Either way, the courts are unlikely to require Trump to comply with the subpoenas before the November elections. And that is certainly a victory for a president who has endeavored tenaciously to keep his financial records secret.
But the fact that Trump may have won this most immediate battle does not mean he has won—or will win—the war. The majority closes its opinion with the admonition that “it ‘unquestionably’ remains ‘the duty of all citizens to cooperate” with Congress when the legislature “seeks information ‘needed for intelligent legislative action’”—underscoring the fact that, in the Supreme Court’s view, a properly balanced, tailored, and justified subpoena for a president’s private information can, in fact, be enforced by the courts. The Supreme Court decision gives congressional subpoenas a roadmap for crafting subpoenas for private presidential papers that will pass muster. So even if the current ones do not make the cut, the president may yet be forced to acquiesce to the disclosure of his financial records if Trump wins reelection and the next Congress decides to reissue similar subpoenas. What’s more, if he loses reelection, then the separation of powers concerns at the crux of his arguments against disclosure largely go away, making eventual disclosure even more likely if Congress continues pursuing his records.
It’s not yet clear how the appellate courts will apply the Mazars factors to the existing subpoenas, or what other factors it may deem relevant to their enforceability. Not all of the congressional subpoenas are created equal with respect to the court’s four factors. The House Intelligence Committee subpoena and at least part of the Oversight subpoena request information in relation to legislation that is specifically relevant to the president and his financial conduct; these seem like plausible candidates for surviving further scrutiny—especially if the relevant committees prove willing to tailor them and supplement the record to better comply with the Mazars factors. The Financial Services Committee subpoena, by contrast, may be more of a stretch, as the committee has primarily justified it in relation to broader legislation regarding international financial transactions and global real estate markets not specifically related to the president. Perhaps it too can be adapted, but it seems likely to run afoul of the Supreme Court’s warning that a presidential subpoena cannot be used to generate what is merely a “case study” of a more generic public policy problem. While there are no guarantees, ultimately refusing to enforce a properly tailored subpoena will be far harder for the court to do after today’s opinion. And if it recognizes this, then the president’s counsel may urge him to reach some sort of compromise with the House to avoid the risk of an adverse ruling--precisely the sort of accommodation that the majority seems to prefer for resolving these sorts of separation of powers disputes.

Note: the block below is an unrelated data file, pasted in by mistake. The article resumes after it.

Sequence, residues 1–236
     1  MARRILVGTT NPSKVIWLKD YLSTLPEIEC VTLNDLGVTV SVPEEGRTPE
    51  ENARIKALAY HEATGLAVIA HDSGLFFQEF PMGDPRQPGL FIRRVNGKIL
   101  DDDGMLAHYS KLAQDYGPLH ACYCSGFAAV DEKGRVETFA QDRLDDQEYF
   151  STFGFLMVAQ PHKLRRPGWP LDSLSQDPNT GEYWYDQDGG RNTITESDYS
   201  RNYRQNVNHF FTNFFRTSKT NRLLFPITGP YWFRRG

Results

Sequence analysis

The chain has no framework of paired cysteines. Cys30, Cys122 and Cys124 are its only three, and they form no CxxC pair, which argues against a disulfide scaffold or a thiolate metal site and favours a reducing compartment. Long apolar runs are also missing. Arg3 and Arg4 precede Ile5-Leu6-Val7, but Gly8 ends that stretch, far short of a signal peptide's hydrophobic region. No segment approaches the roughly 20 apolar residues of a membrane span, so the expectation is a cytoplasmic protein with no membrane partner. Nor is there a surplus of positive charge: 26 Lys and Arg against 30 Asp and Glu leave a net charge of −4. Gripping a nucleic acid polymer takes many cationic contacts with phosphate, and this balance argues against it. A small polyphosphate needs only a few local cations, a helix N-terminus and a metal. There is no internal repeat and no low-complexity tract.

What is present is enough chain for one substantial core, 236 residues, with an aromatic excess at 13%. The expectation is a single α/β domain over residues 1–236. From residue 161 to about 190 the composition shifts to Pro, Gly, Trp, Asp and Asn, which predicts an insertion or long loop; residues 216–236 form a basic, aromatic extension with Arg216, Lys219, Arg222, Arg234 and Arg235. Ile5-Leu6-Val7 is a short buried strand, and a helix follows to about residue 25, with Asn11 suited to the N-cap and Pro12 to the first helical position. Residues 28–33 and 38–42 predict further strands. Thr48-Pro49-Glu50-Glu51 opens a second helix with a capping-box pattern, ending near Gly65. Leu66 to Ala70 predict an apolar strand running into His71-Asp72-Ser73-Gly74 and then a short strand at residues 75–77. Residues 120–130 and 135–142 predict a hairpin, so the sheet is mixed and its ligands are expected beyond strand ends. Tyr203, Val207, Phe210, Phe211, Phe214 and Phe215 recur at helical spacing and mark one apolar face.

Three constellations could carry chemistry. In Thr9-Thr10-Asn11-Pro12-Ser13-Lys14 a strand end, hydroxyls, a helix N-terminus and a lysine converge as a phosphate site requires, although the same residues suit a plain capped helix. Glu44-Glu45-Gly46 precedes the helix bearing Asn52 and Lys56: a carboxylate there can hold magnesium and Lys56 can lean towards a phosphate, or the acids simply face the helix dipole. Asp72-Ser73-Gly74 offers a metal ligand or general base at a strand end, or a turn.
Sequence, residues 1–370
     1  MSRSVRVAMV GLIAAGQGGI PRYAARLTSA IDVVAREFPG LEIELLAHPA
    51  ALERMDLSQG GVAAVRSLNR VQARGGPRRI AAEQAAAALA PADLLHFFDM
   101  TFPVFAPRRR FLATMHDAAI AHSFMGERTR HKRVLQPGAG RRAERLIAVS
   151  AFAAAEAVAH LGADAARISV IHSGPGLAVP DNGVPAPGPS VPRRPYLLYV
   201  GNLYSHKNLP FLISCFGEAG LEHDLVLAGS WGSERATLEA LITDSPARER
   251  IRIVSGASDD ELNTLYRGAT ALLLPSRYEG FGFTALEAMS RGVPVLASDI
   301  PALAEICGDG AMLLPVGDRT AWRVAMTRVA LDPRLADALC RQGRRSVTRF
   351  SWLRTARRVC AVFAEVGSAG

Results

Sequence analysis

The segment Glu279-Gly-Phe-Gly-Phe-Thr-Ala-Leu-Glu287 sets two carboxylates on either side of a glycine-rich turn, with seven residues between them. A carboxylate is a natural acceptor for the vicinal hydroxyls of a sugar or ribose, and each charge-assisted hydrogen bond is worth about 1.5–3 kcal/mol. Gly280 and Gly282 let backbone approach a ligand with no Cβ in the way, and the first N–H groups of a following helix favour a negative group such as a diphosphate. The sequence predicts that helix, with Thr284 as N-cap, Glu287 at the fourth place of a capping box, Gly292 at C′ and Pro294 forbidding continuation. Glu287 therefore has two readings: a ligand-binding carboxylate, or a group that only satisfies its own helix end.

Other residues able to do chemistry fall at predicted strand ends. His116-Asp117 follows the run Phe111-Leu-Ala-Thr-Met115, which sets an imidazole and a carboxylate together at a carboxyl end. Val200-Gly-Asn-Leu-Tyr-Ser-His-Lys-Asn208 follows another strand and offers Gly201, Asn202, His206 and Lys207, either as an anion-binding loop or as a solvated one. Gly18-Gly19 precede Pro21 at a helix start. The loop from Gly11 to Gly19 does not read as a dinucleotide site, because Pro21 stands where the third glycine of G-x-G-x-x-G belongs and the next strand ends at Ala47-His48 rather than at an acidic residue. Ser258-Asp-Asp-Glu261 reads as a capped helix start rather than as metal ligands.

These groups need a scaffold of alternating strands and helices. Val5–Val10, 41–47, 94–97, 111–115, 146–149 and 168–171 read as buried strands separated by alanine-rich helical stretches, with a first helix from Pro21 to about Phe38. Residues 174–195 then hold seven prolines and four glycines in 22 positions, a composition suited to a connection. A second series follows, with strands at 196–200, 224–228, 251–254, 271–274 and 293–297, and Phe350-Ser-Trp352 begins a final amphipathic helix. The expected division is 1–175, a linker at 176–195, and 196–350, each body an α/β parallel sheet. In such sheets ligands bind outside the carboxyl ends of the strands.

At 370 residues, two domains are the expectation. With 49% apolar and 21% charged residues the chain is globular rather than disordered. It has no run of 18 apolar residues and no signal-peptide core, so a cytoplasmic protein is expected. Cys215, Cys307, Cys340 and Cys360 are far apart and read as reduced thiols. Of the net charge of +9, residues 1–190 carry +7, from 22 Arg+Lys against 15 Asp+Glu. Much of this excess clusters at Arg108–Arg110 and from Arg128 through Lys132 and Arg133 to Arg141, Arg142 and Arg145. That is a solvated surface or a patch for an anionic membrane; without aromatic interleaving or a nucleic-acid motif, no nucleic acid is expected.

So who won? As Dahlia Lithwick wryly put it on the “In Lieu of Fun” show the afternoon of the Supreme Court’s ruling, everyone’s a winner today, albeit not all of them in the ways they would have wanted. The president almost certainly pushed the matter beyond the election. The Manhattan district attorney won a clear ruling that the president is not categorically immune from state criminal process. The executive branch won a certain special solicitude from the courts in considering subpoenas for personal presidential papers. Congress found itself saddled with more constraints on its investigatory authority than it previously enjoyed, but it won the important precedent—including from three conservative justices, two of them appointed by President Trump himself—that if it dots its i’s and crosses its t’s, it’s entitled to have its subpoenas respected, even by the president. And the court itself, and Roberts in particular, won a non-ideological resolution of a divisive partisan issue in the midst of an election year.
Nobody, except perhaps Roberts himself, is likely to be thrilled with the Mazars opinion. But it threaded a needle with a tiny eye-hole more gracefully than many analysts imagined the justices could. And it is just barely possible, if not very likely, that it will induce precisely the negotiation process that the court’s opinion complains did not take place.
Correction: An earlier version of this article misstated the appeals courts to which the Supreme Court remanded the Mazars case.